15. I campaigned for Snell. I don’t like to speak poorly of comrades but he can be a bit if a liability but he I’ve seen a couple of interviews where he’s done himself better.

    I like Ruth Smeeth. Tbh after all the anti semetic nonsense and death threats we might be looking for a bit of hope not hate

  16. Gareth Snell is nothing like a clown. That’s grossly unfair.

    But then coming from someone who thinks that it’s wrong for Ruth Smeeth to be involved in anti-racist activity that’s not very surprising.

  17. I suspect Luke Senior is aggrieved partly because HNH went after UKIP in a big way in the 2014 European elections – and that, by implication, meant going after people like Luke who were most certainly not racists. I’d be offended by that too.

    In fairness to HNH, it wasn’t a decision they took lightly, they realised that there is a difference between genuinely racist organisations like the BNP or Britain First, and UKIP which is much more of a grey area.

  18. Partly true.

    A good friend of mine was ‘exposed’ by HNH – it’s wasnt so much a grey area as something ‘rather different’ (I’m being careful here) to the extent that the local Labour group (to their credit) didn’t use it against him during his election campaign, as he was known to them and

    Of course legal action was a possibility but with funds an issue to pursue a case…

    Plus, if you are going to present yourself as an anti racist group, make sure you call out racist (and other phobias/isms) from right across the spectrum… not just those from right wing parties.

    I’ll maintain my view that HNH aren’t a beacon of light… if people make stupid comments or offensive ones they are asking to be exposed… and I’m not fussed how or who does the exposing. Just make sure it is genuine.

  19. I understand where Luke is coming from a friend of mine recieved a lot of stick from a dispute with a media outlet that wanted to use a photo he took and when he said no they took it anyway and he recieved daily abuse over it. I think its best to remember that while there are some nasty people oit there theyare in the minority even when it doesnt feel that way

  20. PT – but HNH’s campaigns all spectacularly backfired electorally (as I detailed on here at the time).

    2014 is hardly a year to cite as Griffin was losing anyway.

    But the 2003-2008 Locals and 2009 Euros can all be cited as examples where HNH failed in the North West region and in specific wards where they leafleted against the BNP and UKIP.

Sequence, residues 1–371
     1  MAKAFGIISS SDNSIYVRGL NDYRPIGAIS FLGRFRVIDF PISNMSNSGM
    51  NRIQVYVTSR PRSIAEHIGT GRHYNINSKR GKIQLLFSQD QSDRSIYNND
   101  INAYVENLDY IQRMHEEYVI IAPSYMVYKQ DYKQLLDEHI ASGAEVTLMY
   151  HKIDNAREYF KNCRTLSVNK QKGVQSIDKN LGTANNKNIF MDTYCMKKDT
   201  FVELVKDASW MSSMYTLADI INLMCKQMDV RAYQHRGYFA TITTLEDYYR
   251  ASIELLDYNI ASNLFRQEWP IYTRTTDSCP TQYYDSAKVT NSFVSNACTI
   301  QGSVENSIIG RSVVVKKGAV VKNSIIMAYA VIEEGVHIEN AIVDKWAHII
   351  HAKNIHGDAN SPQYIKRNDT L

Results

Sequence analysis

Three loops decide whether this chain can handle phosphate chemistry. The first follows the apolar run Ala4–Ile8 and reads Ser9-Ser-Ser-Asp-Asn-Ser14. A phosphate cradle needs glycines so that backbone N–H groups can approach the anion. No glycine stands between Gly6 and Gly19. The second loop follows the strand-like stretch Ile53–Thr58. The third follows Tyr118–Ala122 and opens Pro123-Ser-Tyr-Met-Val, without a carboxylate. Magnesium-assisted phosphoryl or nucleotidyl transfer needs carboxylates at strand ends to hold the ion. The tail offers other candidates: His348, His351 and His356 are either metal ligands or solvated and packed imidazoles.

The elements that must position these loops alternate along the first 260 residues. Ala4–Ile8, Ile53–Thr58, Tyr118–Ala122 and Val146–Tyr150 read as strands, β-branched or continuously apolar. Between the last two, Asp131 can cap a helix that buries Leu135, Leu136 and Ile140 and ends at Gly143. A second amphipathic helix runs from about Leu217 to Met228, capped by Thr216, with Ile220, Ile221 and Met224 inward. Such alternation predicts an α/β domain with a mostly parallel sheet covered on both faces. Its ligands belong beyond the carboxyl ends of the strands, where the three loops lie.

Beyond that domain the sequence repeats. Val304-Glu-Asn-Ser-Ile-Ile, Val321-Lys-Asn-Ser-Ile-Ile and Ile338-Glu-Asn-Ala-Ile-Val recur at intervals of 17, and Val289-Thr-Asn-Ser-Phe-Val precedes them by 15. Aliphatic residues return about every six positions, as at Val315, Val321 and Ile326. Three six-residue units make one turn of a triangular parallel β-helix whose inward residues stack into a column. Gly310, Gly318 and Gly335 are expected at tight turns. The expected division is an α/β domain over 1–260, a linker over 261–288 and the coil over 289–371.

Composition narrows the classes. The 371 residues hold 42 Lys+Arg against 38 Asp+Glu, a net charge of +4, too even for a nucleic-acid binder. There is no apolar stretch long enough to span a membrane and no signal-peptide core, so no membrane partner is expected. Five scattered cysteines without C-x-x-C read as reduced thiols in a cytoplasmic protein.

21. Labour lose control of the council after independents withdraw their support over the fiasco that left over a thousand people here unable to vote:

    http://www.bbc.co.uk/news/uk-england-stoke-staffordshire-42246593

  22. Yes, the GE result here was void – but sadly it was too late for a Petition. A real shambles all round.

    The Council make-up is now:

    Lab 32
    Cons 22
    Ind 5
    LD 3
    Kidsgrove Ind 1
    UKIP 1
    Newc Ind 1
    (Vacant 2)

    So the Cons lead a minority administration.

  23. Bradwell Ward By-election, 14.12.17:

    Labour 396 51% (-3%)
    Cons 360 46% (+27%)
    LD 25 3%

    [No UKIP this time]

    Lab Hold

  24. Newchapel Ward By-election, 14.12.17:

    Cons 216
    Lab 197
    Ind 86

    Cons Gain from Labour

    [There was a full recount & Electoral Commission observers at the Count, unsurprisingly. Stoke Council officials presided over the poll.]

  25. Does look the brouhaha over voting irregularities is damaging Labour here.

  26. Yes i concur

  27. Newchapel ward is in Staffordshire Moorlands constituency. Bradwell is in this constituency. Newchapel is probably the less poor result for Labour – the swing was very small there but still enough for the Tories to win.

  28. I noticed this when i looked it up. Its the only one in staffs moorlands

Leave a Reply

NB: Before commenting please make sure you are familiar with the Comments Policy. UKPollingReport is a site for non-partisan discussion of polls.

You are not currently logged into UKPollingReport. Registration is not compulsory, but is strongly encouraged. Either login here, or register here (commenters who have previously registered on the Constituency Guide section of the site *should* be able to use their existing login)